14 July 2017

They’ve always been with us


Reading Gyorgi Fedotov on the religious history and psychology of Kievan Rus’ has been a fascinating and enlightening exercise. One of the things he shows, is that for those of us in the Slavic Rite of the Holy Orthodox Church, there are very few new things under the sun, and many of the issues we face have been debated at length before. The human condition being what it is, this shouldn’t be surprising. But here are some accounts from Fedotov’s account of the priest Kirik and his interactions with Saint Niphont the Bishop of Novgorod:
The best-known and the most embracing of the question-and-answer compositions [on the subject of canon law] belong to a group of Novgorodian priests in the middle of the twelfth century, among whom Kirik takes first place. The answers are given by the bishop Niphont and other prelates. The questions and answers are reflections and sometimes verbatim reports of real conversations between the bishop and the priests who come to him, canonic collections in hand, to solve their practical difficulties…

If a priest consults his bishop about the complicated detail of the ritual only recently adopted in a newly-converted country, it is in itself no indication of his ritualistic tendencies. It is simply a part of his professional training… But even in this liturgical interest Kirik goes beyond the limits of reason, revealing a spirit of narrow bigotry and ritualism in a pejorative sense; many times he deserves the rebuke of his somewhat more broad-minded bishop.
If you see already in Kirik, a native priest among the recently-converted Finns and Russians of Novgorod, some parallels among the American konvertsy, particularly those of a certain legalistic frame of mind, rest assured that you aren’t alone in that. It’s noteworthy that Saint Niphont, though he upholds most of the dietary and fasting restrictions (including very severely that against eating fowl or game that had been strangled), the saintly bishop is much more lenient when it comes to condescending to the needs of married couples.
Bishop Niphont cites an ancient canon of Patriarch Timothy, which was read to all newly-married couples and which prohibited copulation on Saturdays and Sundays. Very soon Friday was added to these days. The Precepts to the Confessing enjoins this prohibition with a curious warning: the child conceived during these three days risks becoming ‘thief, or robber, or fornicator’, and then his parents have to do a penance. The liberal Niphont is indignant about these exaggerations. When referred by Kirik to this, or similar, canonical authority he gives his opinion: ‘Those books are fit for burning’. Nevertheless, the prescription of ‘those books’ prevailed, and the superstitious view rejected by Kirik became a general belief of the Russian people.

The Precepts won over Niphont’s judgement also in another point: in the extension of sexual prohibition to all feast days and to Lent. This seems to be the practice of the Novgorod priests, which angered Niphont. ‘Do you teach abstinence from wives during Lent? You sin in this.’ Obviously, the Bishop considered this abstinence beyond the capacity of laymen. The Precepts insists upon abstinence, at least, during the first and the last weeks of Lent. The canons of the Muscovite period are more intransigent in this point as in many others…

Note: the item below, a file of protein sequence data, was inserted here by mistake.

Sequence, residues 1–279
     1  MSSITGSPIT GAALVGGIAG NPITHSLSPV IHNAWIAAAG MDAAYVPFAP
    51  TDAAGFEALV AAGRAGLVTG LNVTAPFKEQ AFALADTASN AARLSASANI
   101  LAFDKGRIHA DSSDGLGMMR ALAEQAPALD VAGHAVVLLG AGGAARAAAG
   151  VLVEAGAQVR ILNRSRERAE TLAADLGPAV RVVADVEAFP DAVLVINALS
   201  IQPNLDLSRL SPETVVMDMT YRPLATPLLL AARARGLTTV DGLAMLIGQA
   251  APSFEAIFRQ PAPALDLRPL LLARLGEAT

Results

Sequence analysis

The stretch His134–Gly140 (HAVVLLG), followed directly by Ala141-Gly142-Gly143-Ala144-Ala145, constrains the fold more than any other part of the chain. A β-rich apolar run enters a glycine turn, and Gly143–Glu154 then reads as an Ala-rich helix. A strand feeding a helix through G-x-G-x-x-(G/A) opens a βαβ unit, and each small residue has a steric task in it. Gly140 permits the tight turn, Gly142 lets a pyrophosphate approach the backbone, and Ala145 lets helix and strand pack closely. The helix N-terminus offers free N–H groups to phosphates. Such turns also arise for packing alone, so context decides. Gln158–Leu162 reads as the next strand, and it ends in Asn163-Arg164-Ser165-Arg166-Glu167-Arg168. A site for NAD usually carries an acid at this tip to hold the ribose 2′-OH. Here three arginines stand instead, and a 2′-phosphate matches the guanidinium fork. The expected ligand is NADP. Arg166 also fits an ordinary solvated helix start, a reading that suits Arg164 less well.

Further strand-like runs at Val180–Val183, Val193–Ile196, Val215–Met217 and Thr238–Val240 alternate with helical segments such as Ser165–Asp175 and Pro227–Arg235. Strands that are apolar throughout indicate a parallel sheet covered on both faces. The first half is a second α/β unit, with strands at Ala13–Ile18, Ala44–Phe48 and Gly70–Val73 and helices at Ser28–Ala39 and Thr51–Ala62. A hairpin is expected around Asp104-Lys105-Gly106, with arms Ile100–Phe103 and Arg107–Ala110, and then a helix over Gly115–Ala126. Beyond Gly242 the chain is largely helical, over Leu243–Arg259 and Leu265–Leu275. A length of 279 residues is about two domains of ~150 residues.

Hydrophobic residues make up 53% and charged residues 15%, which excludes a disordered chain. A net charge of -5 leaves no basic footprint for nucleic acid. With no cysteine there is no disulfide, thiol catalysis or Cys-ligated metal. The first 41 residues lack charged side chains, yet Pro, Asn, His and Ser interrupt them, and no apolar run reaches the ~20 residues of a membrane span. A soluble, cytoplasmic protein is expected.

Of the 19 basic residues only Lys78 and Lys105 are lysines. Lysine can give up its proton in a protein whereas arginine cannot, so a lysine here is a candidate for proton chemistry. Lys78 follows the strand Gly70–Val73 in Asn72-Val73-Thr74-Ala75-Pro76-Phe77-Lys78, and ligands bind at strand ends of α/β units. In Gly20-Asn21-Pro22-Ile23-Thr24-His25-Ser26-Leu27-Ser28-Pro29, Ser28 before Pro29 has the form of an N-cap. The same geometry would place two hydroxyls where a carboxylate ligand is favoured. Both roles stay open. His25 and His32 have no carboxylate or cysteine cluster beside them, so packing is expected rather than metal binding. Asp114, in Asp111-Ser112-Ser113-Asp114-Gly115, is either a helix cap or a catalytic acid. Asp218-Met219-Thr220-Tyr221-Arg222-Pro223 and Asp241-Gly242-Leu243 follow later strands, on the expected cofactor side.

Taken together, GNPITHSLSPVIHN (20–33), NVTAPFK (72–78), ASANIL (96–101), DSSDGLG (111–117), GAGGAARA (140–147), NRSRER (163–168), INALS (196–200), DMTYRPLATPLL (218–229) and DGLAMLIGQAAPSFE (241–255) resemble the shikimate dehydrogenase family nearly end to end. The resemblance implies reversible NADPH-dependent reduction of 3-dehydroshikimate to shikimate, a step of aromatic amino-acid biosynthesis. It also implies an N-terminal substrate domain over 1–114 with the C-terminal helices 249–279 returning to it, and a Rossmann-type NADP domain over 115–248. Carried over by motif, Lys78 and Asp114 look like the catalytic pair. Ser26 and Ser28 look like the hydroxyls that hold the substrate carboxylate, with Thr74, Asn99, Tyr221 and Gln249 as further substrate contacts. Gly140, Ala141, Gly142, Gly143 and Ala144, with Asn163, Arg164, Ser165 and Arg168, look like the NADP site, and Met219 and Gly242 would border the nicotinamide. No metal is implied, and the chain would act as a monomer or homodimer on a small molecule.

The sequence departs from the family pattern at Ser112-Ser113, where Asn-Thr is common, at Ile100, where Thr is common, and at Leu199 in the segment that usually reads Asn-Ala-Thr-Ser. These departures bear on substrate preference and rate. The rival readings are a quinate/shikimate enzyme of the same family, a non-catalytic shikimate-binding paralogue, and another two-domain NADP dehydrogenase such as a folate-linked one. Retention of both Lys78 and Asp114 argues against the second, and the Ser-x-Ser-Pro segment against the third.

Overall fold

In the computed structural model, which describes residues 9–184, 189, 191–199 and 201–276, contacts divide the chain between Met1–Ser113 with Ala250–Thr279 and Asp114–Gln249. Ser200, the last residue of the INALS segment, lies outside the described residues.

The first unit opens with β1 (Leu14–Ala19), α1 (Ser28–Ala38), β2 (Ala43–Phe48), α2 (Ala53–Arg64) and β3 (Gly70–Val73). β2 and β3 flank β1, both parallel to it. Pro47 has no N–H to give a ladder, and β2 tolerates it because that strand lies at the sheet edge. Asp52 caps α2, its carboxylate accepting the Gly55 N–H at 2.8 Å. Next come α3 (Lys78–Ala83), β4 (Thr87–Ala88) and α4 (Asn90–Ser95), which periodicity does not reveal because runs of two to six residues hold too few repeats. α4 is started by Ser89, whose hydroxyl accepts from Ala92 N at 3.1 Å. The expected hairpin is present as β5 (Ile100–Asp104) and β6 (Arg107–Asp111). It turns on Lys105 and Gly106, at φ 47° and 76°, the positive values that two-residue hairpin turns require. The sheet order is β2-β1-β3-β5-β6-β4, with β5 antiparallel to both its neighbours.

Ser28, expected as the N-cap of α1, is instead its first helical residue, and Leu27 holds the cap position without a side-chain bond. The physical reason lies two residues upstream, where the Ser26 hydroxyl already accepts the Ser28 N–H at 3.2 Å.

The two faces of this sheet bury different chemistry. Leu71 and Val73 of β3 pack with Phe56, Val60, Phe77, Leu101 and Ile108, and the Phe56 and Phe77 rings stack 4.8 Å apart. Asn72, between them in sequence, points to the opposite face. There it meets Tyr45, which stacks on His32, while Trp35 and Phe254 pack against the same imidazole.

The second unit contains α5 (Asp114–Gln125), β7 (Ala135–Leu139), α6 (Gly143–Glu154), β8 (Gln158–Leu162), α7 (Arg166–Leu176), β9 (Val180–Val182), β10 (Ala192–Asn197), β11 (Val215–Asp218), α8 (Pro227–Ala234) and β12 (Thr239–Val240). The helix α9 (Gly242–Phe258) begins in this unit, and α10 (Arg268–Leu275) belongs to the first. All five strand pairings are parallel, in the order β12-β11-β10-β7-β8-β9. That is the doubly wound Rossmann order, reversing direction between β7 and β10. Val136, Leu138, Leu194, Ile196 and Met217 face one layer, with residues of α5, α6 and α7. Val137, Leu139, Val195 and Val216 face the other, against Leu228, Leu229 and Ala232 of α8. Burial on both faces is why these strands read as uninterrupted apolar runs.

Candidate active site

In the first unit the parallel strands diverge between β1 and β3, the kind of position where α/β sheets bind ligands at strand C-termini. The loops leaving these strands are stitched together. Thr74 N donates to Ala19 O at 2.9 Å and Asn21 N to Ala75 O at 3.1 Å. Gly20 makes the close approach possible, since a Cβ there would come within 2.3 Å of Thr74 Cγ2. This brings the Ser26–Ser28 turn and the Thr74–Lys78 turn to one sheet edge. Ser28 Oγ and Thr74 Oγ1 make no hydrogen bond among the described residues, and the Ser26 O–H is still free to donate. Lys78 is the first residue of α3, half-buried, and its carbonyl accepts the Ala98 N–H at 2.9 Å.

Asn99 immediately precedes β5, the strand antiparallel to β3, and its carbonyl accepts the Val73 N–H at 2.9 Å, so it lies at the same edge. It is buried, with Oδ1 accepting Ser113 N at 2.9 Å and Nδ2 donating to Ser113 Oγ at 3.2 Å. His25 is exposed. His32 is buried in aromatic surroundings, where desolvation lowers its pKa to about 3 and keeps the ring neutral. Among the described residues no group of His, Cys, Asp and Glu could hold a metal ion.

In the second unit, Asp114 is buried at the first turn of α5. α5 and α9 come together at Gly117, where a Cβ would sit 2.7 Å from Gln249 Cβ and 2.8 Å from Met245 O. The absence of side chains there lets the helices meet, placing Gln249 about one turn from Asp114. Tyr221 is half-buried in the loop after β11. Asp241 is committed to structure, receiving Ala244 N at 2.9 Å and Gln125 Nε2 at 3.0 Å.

A particular case of conscience was the perplexity of ‘being with one’s wife’ in the presence of icons or of the holy cross. From the context it can be inferred that in Kievan Russia, unlike during the Muscovite period, the icons were not kept in inhabited heated chambers but in separate cold rooms. But these rooms could also be used as bedrooms. This explains the question: ‘If one keeps icons or the precious Cross in a room (
клеть), is it lawful to be with one’s wife?’ Niphont is as liberal and peremptory as usual: ‘The wife is not given to one for sin… Do you take off your cross when you are with your wife?’ In this last point the bishop is seconded by the Precepts: ‘A layman must keep the Cross upon himself if lying with his wife.’ The Muscovites were of another opinion. But the fact that such questions were raised in the earliest times is evidence of the widespread view that all sexual life was unclean. The pre-Mongolian Church tried to oppose this conviction by stressing the sanctity of marriage. But the dual attitude toward sex was too deeply rooted in the Christian past. The ancient canons bear witness of it; and it was only natural that one of these currents, the negative one, should start a new development in Russia.
I find it highly interesting that a sainted hierarch, an accomplished ascetic cœnobite of the Kievo-Pecherskaya Lavra with a firm doctrinal formation and a careful cultivation of personal holiness and virtue, had to rein in the legalistic tendencies of his spiritual sons, particularly the presumably-married Father Kirik (whose razor-keen mathematical mind, sketched here so diligently by Fedotov, was clearly drawn toward the harsher, more maximalist view of canonical rigourism). I also find it remarkable that the Russian Church, which had no interest in Hellenistic speculative theology but was instead more drawn toward the rabbinical ‘Judaïsing’ pole and toward theologies of history, swung so heavily at the grassroots to the guidance of the ‘Hellenists’ on matters of practical lay ethics. I’m sure there’s a reason for this, and I’m much mistaken if Fedotov will not see fit to mention it later in the book. Still, such a passage shows that convertitis and Hyperdox Hermans have always been with us; and have a history of trying the patience even of saints!

1 comment:

  1. Good post, but one nitpick. It should be konverty (конверты) instead of konvertsy (конверцы), which is bad Russian.

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